The perfect Burns Night menu
Celebrate Burns Night on the 25th of January with a meal fit for the famous Scottish bard. Set the mood with bagpipes (or simply opt for a Spotify playlist) and host your own Burns supper: a fitting celebration of the life of Robert Burns, or Rabbie Burns as he is affectionately known, held on what was his birthday. The meal traditionally features haggis, neeps and tatties (turnips and potatoes) and a dram of whisky is non-negotiable.
We’ve put together our perfect Burns Night menu below, but for more Burns Night menu ideas check out our collection of recipes.
How to throw your own Burn’s Night celebratory feast
There are many ways to celebrate Burns Night, from traditional ceilidhs to poetry recitals, to simple dinner parties with friends. Before the meal, the ‘Selkirk Grace‘, a poem written by Burns himself, is traditionally recited:
“Some hae meat and canna eat,
And some wad eat that want it,
But we hae meat and we can eat,
And sae the Lord be thankit.”
It’s then time to eat!
Fire up your tastebuds with smoked salmon and dill pâté on blinis. This light starter that will tempt you for course number two, and is perfect with a glass of something sparkling.
Alternatively, some like to start the meal with a light soup. Our traditional cullen skink recipe (a Scottish fish-based soup) is a great way to kick things off.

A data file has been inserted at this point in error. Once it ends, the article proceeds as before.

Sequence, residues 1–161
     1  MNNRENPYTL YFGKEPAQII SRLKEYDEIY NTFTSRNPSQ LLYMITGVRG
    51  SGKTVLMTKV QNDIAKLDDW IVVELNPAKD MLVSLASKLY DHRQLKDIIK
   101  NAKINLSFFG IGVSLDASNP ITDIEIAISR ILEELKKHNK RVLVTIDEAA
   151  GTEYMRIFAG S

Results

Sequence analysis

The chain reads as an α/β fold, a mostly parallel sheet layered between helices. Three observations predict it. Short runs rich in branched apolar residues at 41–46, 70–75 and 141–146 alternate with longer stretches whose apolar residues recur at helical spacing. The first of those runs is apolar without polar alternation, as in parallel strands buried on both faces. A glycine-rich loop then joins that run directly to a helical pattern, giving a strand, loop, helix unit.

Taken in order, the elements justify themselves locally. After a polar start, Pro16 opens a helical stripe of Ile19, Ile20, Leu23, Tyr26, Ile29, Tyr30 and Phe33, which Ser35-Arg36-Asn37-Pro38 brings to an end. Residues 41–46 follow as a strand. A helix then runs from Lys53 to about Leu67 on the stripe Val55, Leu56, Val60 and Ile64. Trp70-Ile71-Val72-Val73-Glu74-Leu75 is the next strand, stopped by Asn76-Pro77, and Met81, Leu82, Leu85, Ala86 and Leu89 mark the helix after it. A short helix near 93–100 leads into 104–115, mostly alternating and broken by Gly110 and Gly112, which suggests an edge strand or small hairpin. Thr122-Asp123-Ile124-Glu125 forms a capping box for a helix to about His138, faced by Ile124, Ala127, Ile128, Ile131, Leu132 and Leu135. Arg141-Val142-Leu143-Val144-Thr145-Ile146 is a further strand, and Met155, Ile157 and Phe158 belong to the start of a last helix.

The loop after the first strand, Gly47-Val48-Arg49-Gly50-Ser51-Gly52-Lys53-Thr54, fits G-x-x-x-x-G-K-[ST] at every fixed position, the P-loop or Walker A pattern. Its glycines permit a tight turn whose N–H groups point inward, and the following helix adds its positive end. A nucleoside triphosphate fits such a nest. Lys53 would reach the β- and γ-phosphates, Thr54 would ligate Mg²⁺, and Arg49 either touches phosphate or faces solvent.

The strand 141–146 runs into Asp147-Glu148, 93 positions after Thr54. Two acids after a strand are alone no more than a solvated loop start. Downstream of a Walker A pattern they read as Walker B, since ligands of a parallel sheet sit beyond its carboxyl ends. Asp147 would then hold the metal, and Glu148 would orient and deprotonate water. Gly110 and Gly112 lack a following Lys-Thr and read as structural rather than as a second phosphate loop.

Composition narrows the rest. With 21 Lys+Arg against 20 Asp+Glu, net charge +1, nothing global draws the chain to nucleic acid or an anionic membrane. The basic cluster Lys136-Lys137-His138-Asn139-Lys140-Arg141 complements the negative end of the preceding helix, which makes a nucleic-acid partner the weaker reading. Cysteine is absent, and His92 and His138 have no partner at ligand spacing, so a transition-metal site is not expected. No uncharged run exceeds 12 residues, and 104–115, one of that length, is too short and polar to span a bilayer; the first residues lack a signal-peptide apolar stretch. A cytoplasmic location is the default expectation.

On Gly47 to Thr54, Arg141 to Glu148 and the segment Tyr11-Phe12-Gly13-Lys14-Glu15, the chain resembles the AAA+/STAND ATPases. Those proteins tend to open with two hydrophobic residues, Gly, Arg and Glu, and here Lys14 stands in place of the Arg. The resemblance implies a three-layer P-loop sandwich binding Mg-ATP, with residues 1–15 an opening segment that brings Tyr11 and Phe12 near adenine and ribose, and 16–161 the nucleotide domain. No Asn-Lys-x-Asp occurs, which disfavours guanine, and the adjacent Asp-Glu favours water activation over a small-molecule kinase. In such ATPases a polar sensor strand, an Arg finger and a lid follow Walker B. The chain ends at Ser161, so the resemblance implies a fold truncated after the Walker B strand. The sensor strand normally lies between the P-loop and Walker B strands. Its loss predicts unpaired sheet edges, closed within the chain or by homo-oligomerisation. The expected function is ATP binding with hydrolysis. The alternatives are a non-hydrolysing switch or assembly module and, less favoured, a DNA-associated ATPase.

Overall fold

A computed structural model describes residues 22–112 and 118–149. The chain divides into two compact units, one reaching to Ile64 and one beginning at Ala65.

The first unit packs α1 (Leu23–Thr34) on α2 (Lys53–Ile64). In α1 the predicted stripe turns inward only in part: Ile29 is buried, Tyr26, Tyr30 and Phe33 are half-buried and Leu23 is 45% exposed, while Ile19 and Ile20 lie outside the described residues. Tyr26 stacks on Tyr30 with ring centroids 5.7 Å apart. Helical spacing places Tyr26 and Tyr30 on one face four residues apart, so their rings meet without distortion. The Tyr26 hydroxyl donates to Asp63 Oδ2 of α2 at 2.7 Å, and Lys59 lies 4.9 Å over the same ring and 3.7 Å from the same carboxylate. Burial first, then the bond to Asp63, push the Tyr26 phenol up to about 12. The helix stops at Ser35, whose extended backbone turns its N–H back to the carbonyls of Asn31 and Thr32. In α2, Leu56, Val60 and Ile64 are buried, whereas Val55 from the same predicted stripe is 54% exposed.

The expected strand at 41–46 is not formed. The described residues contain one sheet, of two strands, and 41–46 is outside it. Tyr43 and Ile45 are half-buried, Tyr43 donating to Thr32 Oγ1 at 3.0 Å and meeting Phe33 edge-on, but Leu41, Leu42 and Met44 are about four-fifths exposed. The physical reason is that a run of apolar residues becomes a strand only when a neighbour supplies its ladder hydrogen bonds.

The main event…
You simply can’t celebrate Burns Night without the classic haggis, ‘neeps and tatties, aka mashed potatoes and turnips. A rich whisky sauce is an ideal accompaniment to this flavourful dish too. Serving up food for veggies? Don’t worry, there are plenty of vegetarian haggis options available in supermarkets – we particularly like the Macsween variety.
Alternatively, you could try chicken Balmoral – a dish traditionally served with lashings of creamy whisky sauce. Enjoy with creamy neeps for the ultimate accompaniment, along with savoy cabbage and oatmeal.
And for dessert…
End a heavy dinner with something fruity and most importantly Scottish, of course. These cranachan puddings, made with cream, whisky, oats and fruit, are traditionally made with fresh raspberries; but the coulis in this recipe is a good winter alternative to the summer berry pudding.
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